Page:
Tuesday, May 18, 2021

Learning: Framing for a wooden sign

Lots are written online about creating wooden signs. It’s amazing how much information folks are willing to share, and many even take the step-by-step process to an art form itself. So, armed with some wood and inspiration, I sought to take the roots of what I’ve seen and read and then adjust it to my knowledge and skillsets to fill my particular needs. 

I began with picking some wood for a base (the sign) and then some wood to surround it (the frame). But even simple country-style frames require some thought, diligence, and the necessary trial and error. For example, how wide will it be, how thick, will the corners be mitered (cut at 45-degree angles and lined up), will the corners simply abut to one another, and if so, which length of the frame will span the entire sign (top and bottom or sides)? Then there is the actual connection of the four pieces. Are they stapled, glued, nailed, or some combination of different techniques? What equipment will I need in place? Hammer, nails, staples, staple gun, nail gun, glue, clamps, air compressor, or other things I haven’t even considered? What stabilizes the frame? Is it mounted on the sides of the wooden base allowing the sign to drop in the middle, or is the frame itself attached to the surface of the sign? The considerations seemed endless.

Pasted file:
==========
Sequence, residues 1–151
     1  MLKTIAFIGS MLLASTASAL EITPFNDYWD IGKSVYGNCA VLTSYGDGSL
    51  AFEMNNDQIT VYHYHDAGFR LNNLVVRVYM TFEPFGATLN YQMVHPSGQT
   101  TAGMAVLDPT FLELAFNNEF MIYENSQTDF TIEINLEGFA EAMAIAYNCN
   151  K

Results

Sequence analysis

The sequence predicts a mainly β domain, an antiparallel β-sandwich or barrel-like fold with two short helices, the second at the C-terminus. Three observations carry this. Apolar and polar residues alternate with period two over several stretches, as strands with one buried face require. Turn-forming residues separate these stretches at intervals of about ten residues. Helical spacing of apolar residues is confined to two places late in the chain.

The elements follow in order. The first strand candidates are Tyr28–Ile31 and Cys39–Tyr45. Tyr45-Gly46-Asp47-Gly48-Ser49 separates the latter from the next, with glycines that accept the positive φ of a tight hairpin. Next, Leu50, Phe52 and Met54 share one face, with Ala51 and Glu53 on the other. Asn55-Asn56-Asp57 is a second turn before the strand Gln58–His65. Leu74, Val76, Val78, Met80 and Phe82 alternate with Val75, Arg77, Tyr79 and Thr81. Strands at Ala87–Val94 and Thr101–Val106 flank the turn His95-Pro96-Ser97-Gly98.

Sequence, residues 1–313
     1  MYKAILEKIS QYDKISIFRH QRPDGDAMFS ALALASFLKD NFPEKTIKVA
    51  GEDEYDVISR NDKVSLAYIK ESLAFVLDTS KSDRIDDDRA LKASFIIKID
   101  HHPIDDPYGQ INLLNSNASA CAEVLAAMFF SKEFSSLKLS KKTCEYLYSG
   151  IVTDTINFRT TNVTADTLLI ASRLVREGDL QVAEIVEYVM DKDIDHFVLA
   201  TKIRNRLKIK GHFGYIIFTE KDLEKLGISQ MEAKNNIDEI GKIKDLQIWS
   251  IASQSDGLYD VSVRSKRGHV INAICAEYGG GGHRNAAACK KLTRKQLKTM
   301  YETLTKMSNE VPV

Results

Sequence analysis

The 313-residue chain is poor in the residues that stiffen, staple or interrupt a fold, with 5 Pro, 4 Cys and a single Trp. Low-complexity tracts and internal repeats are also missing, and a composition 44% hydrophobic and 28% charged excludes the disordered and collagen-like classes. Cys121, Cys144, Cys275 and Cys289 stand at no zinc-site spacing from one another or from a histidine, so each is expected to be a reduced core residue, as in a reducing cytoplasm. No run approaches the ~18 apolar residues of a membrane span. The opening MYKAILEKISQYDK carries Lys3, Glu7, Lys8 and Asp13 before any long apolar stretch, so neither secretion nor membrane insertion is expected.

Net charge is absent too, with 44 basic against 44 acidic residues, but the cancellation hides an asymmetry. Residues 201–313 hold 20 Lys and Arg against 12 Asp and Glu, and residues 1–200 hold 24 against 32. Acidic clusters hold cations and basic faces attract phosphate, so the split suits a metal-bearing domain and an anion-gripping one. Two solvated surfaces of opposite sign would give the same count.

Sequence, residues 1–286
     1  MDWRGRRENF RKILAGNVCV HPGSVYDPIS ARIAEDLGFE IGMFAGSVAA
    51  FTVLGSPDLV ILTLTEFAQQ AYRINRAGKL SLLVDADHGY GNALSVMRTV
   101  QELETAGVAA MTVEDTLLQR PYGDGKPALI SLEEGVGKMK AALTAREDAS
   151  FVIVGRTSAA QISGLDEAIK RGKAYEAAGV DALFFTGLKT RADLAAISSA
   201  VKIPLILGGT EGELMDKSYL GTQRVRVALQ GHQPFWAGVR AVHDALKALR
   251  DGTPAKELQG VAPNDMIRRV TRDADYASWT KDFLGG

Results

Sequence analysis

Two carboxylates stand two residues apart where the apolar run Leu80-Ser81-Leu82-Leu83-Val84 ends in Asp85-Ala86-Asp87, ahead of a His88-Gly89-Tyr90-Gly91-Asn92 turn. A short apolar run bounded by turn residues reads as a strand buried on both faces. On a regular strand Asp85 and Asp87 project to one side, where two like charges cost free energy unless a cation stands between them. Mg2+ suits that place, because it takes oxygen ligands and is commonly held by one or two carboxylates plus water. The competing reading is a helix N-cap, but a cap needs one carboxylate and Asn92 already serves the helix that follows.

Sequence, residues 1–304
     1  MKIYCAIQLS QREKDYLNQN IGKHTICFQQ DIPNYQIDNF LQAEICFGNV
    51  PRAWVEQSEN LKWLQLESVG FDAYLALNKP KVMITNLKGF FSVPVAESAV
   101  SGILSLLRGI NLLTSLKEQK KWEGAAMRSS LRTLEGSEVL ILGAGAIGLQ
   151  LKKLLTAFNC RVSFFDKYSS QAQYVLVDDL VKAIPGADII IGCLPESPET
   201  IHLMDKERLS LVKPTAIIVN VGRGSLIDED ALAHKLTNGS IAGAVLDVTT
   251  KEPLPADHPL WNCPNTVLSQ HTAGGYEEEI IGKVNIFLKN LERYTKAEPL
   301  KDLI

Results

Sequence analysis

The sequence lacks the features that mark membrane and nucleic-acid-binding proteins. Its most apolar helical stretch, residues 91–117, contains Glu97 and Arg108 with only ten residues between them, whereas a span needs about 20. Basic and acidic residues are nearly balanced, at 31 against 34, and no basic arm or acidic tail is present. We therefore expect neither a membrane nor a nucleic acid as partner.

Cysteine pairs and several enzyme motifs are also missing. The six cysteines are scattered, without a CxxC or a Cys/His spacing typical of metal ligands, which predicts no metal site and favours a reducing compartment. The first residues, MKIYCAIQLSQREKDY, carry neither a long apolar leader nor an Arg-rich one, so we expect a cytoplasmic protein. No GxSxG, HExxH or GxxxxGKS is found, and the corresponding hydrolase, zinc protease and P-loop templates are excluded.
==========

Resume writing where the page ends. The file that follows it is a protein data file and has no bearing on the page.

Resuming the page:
At this stage, I’m not certain how I will proceed. But visit again after I prototype several different ideas. Then I can reflect on the good, bad, and very ugly.

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